Wednesday, January 6, 2010

Distinguishing Between Spirit and Soul

I just started reading a collection of passages from literature, compiled by Thomas Moore in The Education of the Heart. His intention in bringing together this information was for the purpose of showing us "how to cultivate our humanity." Within the section "The Rediscovery of the Soul," Moore introduced the discussion with his own thoughts on spirit versus soul.

I share this with you now because it sparked a paradigm shift. I have spent much of my life focused on my own spiritual evolution but am now realizing I have been neglecting aspects of my soul. I had collapsed the two concepts into one, believing the nurturing of my spirit was the same as nurturing my soul. I look forward to exploring this distinction further, and to the insights and expansion I experience as I dig deeper into my own humanity... focusing not just on the transcending of it.
"Ancient literature makes a distinction between the soul and the spirit, and this important consideration, foreign in many ways to common thinking, has been developed in creative ways by C.G. Jung and especially James Hillman. Although the issue is subtle and complicated, in general terms we can see the spirit as focused on transcending the limits of our personal, time-bound, concrete life. The spirit is fascinated by the future, wants to know the meaning of everything, and would like to stretch, if not break altogether, the laws of nature through technology or prayer. It is full of ideals and ambition, and is a necessary, rewarding, and inspiring aspect of human life.

The soul is, as Jung says, the 'archetype of life,' embedded in the details of ordinary, everyday experience. In the spirit, we try to transcend our humanity; in the soul, we try to enter our humanity fully and realize it completely. Egged on by spiritual ambition, a person might imitate the old saints and go into the desert or the forest to be cleansed and discover a high level of consciousness. Full of soul, a person might endure the highs and lows of family life, marriage, and work, motivated by a compassionate and hungry heart." (p. 12)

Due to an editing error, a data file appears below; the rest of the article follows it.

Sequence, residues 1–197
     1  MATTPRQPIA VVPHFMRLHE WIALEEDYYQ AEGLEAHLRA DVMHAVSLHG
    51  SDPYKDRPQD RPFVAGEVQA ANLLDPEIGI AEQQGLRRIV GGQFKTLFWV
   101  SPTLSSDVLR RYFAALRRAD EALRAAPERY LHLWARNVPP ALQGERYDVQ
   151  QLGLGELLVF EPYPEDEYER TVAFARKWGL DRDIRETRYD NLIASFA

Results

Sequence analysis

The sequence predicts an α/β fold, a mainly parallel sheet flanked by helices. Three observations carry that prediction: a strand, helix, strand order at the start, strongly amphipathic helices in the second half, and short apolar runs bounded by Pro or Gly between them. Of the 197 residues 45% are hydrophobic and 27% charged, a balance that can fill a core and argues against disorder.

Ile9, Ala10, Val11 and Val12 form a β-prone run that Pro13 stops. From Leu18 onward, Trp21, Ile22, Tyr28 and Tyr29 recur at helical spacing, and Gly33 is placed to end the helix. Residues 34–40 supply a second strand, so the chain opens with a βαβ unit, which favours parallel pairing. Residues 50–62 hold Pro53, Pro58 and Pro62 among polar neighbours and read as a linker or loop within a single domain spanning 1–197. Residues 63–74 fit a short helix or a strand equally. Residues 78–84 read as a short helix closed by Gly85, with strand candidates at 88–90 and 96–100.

"...people are often confused when faced with the traditional distinction between the soul and the spirit, but distinguishing these two dimensions of experience can be helpful. We might notice, for instance, how much we are motivated by the spirit in our concentration on the future, on understanding, and on achievement. We might then see how we neglect the soul, which has complementary but very different values, such as slowness, the past, inaction, feeling, mystery, and imagination....To suggest a distinction between soul and spirit is not to advocate a separation of the two. On the contrary, it seems best to arrive at a place where in effect the two work together, as in a marriage or partnership." (p. 32)
I close with a passage on soul by Marsilio Ficino (Book of Life), excerpted from Moore's book:
"If there were only two things in the world, mind and body, but no soul, then the mind would not be involved with the body, because it is fixed and emotionless and very distant from physical life. Nor would the body have anything to do with the mind, because by itself it is inept and powerless. It is also far removed from the mind. But if soul is placed between these two, adjusted to the nature of each, then one would easily become involved with the other." (p. 15)

1 comment:

Anonymous said...

Your readers may be interested in a blog dedicated to Thomas Moore's writing and work, Barque at http:barque.blogspot.com. It links to a free forum where ideas about distrinctions between spirit and soul may be further explored.